Professionalism Webinar Examines Self-Regulation
The Academy’s Thursday professionalism webinar, “Self-Regulation and the Actuarial Profession,” discussed why self-regulation is important to the actuarial profession, the Academy’s role in supporting it, and what you can do to help ensure self-regulation continues. Presenters included Committee on Professional Responsibility (COPR) Chairperson Nancy Behrens, COPR Past Chairperson Audrey Halvorson, and committee member Kathy Wong; Academy General Counsel and Director of Professionalism Brian Jackson moderated. They discussed the importance of upholding standards of conduct, qualification, and practice.
Speaking on the profession’s responsibility to the public, Halvorson said “it is important to remember that over 330 million people live in the U.S. Most are covered by some form of insurance, pension, Social Security, Medicaid, or Medicare, so we have a huge responsibility to the public.” The Academy fulfills this responsibility through self-regulation, along with an intense focus on elevating the professionalism of actuaries and amplifying awareness on public policy issues. Slides and audio will be available soon.
Tools to leverage:
‘Explaining Professionalism to Principals’ Discussion Paper—Related, the COPR also released a new discussion paper, Explaining Professionalism to Principals, which is intended to help actuaries think proactively about professionalism and how to explain its importance to the work they do and the stakeholders they serve.
Next Professionalism Webinar Set for December—Mark your calendar for the Academy’s next professionalism webinar. “More Tales From the Dark Side,” following in the mode of the past year-end professionalism webinars, will look at Actuarial Board for Counseling and Discipline (ABCD) requests for guidance and related ethical issues. The webinar will be held on Dec. 17 from noon to 1:30 p.m. EST; registration will open soon.
Requirements Amended for New Member Applicants
At its last meeting, the Academy Board of Directors approved the following additional requirements for new membership applicants, effective from this point forward:
All new membership applicants must attest to necessary knowledge of U.S. laws and practices in their practice area with due consideration given to Precept 1 of the Code of Professional Conduct.
Applicants must further attest that they have completed prescribed readings and attest to their understanding of articles IX and X of the Academy bylaws, the Code, the U.S. Qualification Standards, and actuarial standards of practice (ASOPs) and Applicability Guidelines relevant to their area(s) of actuarial practice.
Applicants must submit the name and contact information of an Academy member—or another actuary who is subject to the Code—who can confirm the applicant’s work and knowledge of applicable U.S. laws and practices.
The requirement that new residents and nonresidents submit a letter from their supervisor about their knowledge of U.S. laws and practices is removed.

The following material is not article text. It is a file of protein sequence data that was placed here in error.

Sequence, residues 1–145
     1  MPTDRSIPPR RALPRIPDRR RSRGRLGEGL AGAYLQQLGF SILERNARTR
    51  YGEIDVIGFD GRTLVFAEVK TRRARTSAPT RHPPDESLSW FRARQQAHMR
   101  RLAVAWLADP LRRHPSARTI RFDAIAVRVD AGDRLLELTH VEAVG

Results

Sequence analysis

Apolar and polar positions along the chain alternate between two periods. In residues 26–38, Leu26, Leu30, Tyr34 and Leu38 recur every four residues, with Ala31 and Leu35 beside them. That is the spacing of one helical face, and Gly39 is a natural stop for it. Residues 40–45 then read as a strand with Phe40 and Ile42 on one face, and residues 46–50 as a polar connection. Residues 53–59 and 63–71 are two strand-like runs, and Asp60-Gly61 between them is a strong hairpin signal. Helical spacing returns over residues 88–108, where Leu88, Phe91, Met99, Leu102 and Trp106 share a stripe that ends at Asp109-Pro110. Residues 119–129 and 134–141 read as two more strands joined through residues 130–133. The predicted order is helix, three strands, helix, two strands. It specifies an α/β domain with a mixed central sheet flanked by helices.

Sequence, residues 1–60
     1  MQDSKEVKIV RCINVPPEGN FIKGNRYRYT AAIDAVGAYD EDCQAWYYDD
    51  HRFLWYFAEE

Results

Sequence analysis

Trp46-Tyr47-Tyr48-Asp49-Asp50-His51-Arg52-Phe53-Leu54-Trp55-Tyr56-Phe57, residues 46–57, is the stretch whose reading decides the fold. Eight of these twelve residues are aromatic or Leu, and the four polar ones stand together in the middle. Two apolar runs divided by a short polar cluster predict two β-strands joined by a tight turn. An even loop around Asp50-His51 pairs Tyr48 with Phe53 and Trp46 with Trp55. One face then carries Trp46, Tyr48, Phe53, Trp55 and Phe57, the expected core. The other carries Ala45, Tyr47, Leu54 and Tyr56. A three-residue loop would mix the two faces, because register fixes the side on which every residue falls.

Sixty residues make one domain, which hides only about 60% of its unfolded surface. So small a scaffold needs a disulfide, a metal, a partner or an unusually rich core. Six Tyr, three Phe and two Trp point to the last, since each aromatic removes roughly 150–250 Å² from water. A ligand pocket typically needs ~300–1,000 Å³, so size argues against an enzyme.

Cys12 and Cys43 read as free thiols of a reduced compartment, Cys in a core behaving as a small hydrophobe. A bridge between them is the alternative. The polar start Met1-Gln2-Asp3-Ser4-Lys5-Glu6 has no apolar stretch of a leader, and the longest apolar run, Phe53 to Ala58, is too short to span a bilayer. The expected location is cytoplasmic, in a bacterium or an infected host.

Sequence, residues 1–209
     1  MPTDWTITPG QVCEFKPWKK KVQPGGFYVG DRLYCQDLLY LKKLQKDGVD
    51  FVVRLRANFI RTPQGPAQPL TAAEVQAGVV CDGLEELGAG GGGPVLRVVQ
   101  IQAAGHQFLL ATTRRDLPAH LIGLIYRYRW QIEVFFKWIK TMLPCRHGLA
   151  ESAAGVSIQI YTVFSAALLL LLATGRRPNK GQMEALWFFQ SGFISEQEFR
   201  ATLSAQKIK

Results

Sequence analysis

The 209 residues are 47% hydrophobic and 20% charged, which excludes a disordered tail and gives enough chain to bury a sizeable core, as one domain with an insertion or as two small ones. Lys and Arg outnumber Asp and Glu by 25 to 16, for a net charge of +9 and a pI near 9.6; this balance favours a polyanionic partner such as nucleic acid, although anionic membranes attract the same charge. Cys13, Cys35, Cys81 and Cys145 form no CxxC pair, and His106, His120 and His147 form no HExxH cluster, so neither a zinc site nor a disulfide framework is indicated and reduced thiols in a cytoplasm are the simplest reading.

Council on Professionalism Adds ‘Education’ to Its Charge
The Academy’s Board further made several administrative changes to the Council on Professionalism (COP), which going forward will be renamed the Council on Professionalism and Education (COPE) and be composed of the Academy’s vice president for professionalism, chairpersons of the committees within the COPE’s structure, and liaisons from the Academy’s public policy practice councils.
A new Actuarial Professionalism Liaison Committee (APLC) will carry out the current COP’s liaison function and will include the vice president for professionalism, public policy practice council liaisons, Actuarial Standards Board (ASB) and ABCD liaisons; and representatives from the other U.S.-based actuarial organizations. The director of professionalism will participate in APLC meetings.
A new Committee on Education will support future Academy educational efforts, including the creation and development of any necessary education related to U.S.-based professionalism topics, policy issues, laws and regulations, and to aid staff in monitoring the quality and consistency of the Academy’s education programs. The Life and Health Qualifications Seminar Committee is now a subcommittee within the committee’s structure, as is the new Pension Actuaries Continuing Education Task Force.
Taken together, these changes reflect a renewed focus on education that aids actuaries in upholding the U.S.-based professionalism standards and compliance with U.S.-based laws and regulations as a vital function of the Academy.
Professionalism Outreach Results in Greater Member and Professional Engagement
Terry presents on Tuesday
With many actuarial clubs and employers of actuaries holding year-end meetings, professionalism experts from the Academy have been busy speaking to many groups to deliver the latest news of professionalism developments and providing information to help actuaries continue to meet their professional responsibilities.